Dozens of football players -- from Joe Namath to Jim Brown to Alex Karras -- have made the move from the gridiron to the sound stage, be it the silver screen or the small screen. Add to that list the Jets' former offensive lineman Matt Willig whose post-NFL career as an actor has landed him gigs in more than 50 films and TV shows -- and now one of his most prominent roles playing the professional wrestler Andre the Giant in the NBC sitcom "Young Rock," which is based on the life Dwayne Johnson.
Willig played three seasons with the Green & White (1993-95) after going undrafted out of USC, where he had played as a defensive lineman on the squad that won the Rose Bowl in 1989. Willig played a total of 14 years in the NFL with six teams.
"My story with the Jets is that I came in as a defensive lineman, I was playing in the days of [Jeff] Lageman, [Dennis] Byrd and [Marvin] Washington," Willig told Eric Allen and Ethan Greenberg of nyjets.com on The Official Jets Podcast. "I knew I was too slow to play in the NFL. But I also knew that if I worked harder I would make it. In training camp one day I got pulled aside by a coach who said they wanted to work with me as an offensive lineman. From that minute, it was sort of an audition. [Head Coach Bruce] Coslet calls me in, tells me to go home to LA and gather my stuff, and said they were going to put me on the practice squad as an offensive lineman and see how it goes. Part of me was not overly surprised, I had my head in clouds and thought that if I worked hard something would happen."
And something did. The 6-8, 315 mountain of a man carved out a career that could be characterized as journeyman, but that nevertheless prepared him for the life of an actor -- study (like learning new systems in football) and auditions (like the need to prove yourself each day on the practice field).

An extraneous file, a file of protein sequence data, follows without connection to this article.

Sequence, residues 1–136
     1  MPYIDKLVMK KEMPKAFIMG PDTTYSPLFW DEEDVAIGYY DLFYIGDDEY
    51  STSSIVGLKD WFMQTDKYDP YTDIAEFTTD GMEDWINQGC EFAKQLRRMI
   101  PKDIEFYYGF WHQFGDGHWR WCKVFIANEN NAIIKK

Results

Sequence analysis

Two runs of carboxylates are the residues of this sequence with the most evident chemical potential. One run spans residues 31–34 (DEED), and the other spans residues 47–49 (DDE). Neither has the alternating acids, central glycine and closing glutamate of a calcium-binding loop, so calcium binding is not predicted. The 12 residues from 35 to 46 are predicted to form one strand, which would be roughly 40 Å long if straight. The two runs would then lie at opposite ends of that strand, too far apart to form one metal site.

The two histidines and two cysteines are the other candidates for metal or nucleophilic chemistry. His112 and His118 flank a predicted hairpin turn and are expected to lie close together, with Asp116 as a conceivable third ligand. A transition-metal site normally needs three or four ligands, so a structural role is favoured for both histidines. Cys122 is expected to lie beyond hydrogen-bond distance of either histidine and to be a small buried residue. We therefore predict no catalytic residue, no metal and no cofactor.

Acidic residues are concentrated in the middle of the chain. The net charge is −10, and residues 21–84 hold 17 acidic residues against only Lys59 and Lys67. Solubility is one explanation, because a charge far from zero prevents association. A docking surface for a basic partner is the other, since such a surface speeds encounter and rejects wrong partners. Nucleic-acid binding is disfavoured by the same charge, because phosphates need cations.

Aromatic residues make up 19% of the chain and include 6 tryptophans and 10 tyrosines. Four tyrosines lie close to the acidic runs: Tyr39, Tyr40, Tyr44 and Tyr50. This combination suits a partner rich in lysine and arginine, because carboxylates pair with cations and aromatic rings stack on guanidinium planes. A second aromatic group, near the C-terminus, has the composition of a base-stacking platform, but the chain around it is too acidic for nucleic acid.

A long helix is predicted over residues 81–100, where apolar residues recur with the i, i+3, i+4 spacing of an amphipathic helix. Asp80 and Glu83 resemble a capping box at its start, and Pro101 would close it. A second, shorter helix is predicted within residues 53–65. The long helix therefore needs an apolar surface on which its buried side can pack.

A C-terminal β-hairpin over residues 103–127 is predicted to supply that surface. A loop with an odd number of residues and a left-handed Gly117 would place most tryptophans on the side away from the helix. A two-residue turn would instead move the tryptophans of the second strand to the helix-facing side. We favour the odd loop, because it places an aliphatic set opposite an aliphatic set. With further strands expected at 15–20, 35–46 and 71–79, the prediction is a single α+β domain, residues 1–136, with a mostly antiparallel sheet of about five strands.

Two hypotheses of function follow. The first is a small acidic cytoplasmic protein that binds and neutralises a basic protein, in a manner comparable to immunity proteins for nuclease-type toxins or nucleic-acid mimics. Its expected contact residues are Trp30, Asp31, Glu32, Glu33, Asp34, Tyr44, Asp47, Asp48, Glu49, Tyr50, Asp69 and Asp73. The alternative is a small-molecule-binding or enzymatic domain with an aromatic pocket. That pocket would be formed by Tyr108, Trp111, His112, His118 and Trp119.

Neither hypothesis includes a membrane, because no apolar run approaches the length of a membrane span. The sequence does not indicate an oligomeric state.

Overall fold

"It has to be in your DNA, you have to have that itch to be on camera, to put yourself out there," Willig said. "I had that sort of personality, but I needed help along the way. Football gave me some of that just with discipline, being a part of a team, my role -- sometimes starter sometimes backup at several positions -- and I knew how to be a pro. That became my sort of itch. I knew I would be a character actor. Having the discipline to study, know your lines, fitting yourself in as part of a series or a movie. Things I'd been doing my entire life. Also rejection. For me to have played for six teams in 14 years, there's some rejection going on there. I moved from [a job] with one of highest rejection rates to a job with the highest rejection rate -- entertainment. I just tried to keep my head down and learn as much as possible."
Johnson, like Willig, played football, in the case of The Rock, in college at Miami. Johnson went on to be a professional wrestler, slowly working his way to marquee stardom in films. Early in his acting career, Willig and Johnson worked out at the same gym in Los Angeles, gradually becoming friends.
"We befriended each other in the gym, he felt comfortable with me and we worked out a few times," Willig said. "I pulled him aside and sought some advice. He was more than cool, down to earth, open to helping me. From then on I wanted to be in a movie with him."
Landing an audition for "Young Rock," Willig had 24 hours to prepare, even having to learn several phrases in French and showing off an impressive accent. He passed with flying colors and landed the gig, even though his affinity for professional wrestling was minimal.
"I wasn't a wrestling fan," he said. "I'm one of six boys, just to even get to watch what I wanted on TV was something we clawed and scratched for.
"Being in 'Young Rock' and to have an iconic role as Andre the Giant has been great for me."